Abstract / Description of output
Researchers indicate that prior experience and beliefs about learning and teaching held by practicing and pre-service teachers contribute significantly in shaping their mentoring relationships and, more broadly, their career outlook and aspirations. While mentoring is commonly seen as a form of support for pre-service teachers, mentoring can be pivotal in the creation of enabling environments in which collaborative, professional dialogs are undertaken. Yet, there lies a tension between enculturation into the norms of schools and promoting self-belief, participation, and collaboration. Drawing on a qualitative methodology, in this study we focused on the conceptions and expectations of classroom mentoring within the context of a teacher reform initiative in Scotland. Findings indicated that participants in the study held a mixture of beliefs regarding mentoring practices. Implications for partnership arrangements in initial teacher education and teachers’ career development were discussed.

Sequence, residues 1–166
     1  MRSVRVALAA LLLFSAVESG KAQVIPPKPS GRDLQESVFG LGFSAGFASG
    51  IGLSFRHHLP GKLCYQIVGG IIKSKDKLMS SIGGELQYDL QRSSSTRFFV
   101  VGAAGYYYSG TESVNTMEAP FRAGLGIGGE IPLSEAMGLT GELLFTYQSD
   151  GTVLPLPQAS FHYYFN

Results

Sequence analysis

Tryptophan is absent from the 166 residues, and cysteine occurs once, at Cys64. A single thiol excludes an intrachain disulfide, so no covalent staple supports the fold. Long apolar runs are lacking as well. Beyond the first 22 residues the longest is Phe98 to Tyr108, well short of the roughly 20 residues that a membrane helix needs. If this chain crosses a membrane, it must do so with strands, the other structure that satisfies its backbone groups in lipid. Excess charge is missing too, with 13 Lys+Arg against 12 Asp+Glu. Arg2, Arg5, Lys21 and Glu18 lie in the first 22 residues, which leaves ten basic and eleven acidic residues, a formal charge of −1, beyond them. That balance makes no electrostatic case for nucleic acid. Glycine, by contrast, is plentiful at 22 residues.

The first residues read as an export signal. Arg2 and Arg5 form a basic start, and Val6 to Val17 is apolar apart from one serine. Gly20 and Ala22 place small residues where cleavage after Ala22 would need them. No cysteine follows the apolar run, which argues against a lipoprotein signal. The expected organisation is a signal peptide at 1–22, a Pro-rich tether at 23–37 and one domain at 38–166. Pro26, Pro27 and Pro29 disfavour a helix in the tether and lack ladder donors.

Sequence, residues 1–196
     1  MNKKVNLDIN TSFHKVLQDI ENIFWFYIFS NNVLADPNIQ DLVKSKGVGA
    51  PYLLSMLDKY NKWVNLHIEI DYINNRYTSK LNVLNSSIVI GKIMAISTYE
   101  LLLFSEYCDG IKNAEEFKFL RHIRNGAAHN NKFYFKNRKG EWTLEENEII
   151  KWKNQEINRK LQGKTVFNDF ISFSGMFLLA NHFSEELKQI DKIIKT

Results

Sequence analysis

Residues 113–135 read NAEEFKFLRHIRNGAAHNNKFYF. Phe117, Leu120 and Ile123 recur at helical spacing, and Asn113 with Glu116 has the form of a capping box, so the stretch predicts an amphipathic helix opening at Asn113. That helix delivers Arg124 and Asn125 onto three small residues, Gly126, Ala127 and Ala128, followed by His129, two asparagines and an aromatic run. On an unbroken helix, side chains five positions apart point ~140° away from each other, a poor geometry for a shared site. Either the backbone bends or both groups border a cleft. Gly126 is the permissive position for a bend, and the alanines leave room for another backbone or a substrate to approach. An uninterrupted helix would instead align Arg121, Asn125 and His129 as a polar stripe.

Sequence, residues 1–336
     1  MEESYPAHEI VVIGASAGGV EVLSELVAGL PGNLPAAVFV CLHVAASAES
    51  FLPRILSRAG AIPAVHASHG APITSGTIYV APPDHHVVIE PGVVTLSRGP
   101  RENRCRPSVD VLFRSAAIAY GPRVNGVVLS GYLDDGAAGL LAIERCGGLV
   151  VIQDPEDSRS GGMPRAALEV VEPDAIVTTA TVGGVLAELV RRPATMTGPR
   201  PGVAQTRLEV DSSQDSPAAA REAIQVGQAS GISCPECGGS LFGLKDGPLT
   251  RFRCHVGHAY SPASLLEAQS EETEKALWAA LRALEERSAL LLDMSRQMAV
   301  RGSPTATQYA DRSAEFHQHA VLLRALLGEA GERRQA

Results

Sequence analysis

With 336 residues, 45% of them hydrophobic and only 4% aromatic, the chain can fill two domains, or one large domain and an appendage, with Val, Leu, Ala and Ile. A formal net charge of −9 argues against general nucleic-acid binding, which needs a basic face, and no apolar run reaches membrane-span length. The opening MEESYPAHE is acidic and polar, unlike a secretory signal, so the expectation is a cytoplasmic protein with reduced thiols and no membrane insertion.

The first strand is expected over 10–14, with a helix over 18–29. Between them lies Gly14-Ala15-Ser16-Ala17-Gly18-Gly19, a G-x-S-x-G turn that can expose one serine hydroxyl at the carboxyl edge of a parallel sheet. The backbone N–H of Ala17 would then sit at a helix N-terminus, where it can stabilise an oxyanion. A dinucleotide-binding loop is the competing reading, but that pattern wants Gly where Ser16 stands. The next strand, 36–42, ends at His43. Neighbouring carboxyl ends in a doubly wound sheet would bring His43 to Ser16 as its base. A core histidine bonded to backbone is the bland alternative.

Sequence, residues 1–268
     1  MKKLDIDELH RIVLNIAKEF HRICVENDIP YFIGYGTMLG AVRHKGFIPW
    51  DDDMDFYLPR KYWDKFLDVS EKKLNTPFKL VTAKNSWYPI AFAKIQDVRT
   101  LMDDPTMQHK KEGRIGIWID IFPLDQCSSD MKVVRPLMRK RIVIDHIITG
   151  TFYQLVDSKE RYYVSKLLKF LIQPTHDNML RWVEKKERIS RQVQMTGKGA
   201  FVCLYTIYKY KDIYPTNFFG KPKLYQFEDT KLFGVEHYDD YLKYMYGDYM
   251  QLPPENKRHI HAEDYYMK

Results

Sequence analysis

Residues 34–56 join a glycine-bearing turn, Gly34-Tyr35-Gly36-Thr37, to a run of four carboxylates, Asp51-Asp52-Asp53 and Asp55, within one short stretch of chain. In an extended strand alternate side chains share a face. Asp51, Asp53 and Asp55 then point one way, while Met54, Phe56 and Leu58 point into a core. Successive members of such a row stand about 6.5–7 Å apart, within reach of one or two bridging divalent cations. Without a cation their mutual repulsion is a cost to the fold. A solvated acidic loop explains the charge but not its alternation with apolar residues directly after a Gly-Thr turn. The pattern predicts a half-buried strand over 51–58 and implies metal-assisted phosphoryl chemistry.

Keywords / Materials (for Non-textual outputs)
- career development
- critical constructivism